Coronado – Self-titled
They provide a crisp, new take on a classic sound, without coming off as another garage band imitation.
Raised by parents who were never shy about sneaking their children into a smoky bar to catch a gritty live performance, I have a hard time remembering if it was my mother or my father who turned me on to the blues. Coming at them from completely opposite directions—my mother with her country music and honky-tonk roots, while my father’s music collection was imbued with Motown R&B and jazz—the blues seemed to complete my circle of musical progression.
That being said, I am increasingly skeptical of up-and-coming bands professing their command of that classic bluesy rock ‘n’ roll sound. I have sat through too many cover band bar performance ending in “Free Bird” to know that there are far too many young men who think they have what it takes to be the next Stevie Ray Vaughn. Fortunately, the newcomers to the budding Pittsburgh music scene, Coronado, seem to be above that. Their first full-length self-titled album is a cool blend of fuzzy rock and southern blues with a complete retro feel.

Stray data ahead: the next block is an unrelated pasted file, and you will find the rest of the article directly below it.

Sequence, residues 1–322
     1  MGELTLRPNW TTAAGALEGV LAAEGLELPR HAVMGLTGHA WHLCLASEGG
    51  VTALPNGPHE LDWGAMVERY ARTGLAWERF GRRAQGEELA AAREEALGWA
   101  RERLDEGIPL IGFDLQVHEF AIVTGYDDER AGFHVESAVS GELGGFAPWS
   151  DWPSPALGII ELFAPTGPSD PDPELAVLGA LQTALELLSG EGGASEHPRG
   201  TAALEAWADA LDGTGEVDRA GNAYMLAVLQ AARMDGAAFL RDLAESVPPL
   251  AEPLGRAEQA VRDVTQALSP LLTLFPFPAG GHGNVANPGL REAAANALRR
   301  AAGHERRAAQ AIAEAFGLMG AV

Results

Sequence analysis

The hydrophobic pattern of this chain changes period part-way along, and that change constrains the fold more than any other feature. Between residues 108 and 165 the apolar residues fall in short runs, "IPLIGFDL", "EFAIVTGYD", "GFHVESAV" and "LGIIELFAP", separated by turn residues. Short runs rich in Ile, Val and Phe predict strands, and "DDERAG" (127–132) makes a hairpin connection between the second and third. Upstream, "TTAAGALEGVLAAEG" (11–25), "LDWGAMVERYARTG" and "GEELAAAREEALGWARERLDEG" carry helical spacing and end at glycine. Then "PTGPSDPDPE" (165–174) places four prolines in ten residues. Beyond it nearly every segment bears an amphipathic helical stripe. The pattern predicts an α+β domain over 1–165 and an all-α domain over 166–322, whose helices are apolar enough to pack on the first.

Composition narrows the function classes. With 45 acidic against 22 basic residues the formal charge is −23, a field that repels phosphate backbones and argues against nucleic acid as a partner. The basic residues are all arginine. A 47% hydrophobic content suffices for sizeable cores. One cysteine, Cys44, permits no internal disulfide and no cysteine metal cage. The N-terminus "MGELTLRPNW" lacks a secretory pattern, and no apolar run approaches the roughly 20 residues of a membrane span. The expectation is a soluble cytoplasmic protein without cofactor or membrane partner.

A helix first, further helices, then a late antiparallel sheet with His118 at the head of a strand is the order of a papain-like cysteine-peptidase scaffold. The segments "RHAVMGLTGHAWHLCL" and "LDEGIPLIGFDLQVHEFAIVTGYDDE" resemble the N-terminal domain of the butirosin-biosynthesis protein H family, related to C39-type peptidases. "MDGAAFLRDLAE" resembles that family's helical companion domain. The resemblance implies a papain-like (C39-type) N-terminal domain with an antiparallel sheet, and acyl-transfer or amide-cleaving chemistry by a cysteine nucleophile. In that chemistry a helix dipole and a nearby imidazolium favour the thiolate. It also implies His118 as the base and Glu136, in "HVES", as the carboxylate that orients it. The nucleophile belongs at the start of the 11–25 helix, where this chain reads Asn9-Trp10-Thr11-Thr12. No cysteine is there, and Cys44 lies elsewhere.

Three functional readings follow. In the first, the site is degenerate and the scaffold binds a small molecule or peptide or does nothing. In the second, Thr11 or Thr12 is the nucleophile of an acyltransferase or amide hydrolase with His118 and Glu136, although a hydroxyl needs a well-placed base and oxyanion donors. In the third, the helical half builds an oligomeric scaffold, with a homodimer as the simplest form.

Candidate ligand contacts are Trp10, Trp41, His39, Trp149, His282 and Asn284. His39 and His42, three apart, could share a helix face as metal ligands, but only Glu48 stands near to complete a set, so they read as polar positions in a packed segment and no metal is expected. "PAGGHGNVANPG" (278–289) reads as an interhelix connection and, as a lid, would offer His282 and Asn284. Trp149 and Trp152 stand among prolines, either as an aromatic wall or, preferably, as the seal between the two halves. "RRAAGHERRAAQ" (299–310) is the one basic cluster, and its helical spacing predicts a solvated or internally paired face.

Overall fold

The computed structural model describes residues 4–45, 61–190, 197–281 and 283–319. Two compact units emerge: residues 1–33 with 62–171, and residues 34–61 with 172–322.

Their band page on Facebook could read as homage to Harry Nilsson, but the group is far grittier than the classic Nilsson sound, an aspect that could be one of their greatest strengths. Coronado is not without its shallow moments, which is to be expected for a first release of a young band. In particular, “The Souza Show,” with tejano trumpets and impudent lyrics, feels exaggerated. Yet, Coronado is at it’s best in it’s most delicate moments—tracks such as “the Great Divide” and “Lay Me Down” juxtapose subtly sensitivity lyrical moments with the band’s bristly sound.
But more importantly, this debut album proves that Coronado is more than just a pool hall band whose discography consists solely of under produced live albums. Instead they provide a crisp, new take on a classic sound, without coming off as another garage band imitation. Certainly $5 well spent via their Bandcamp page.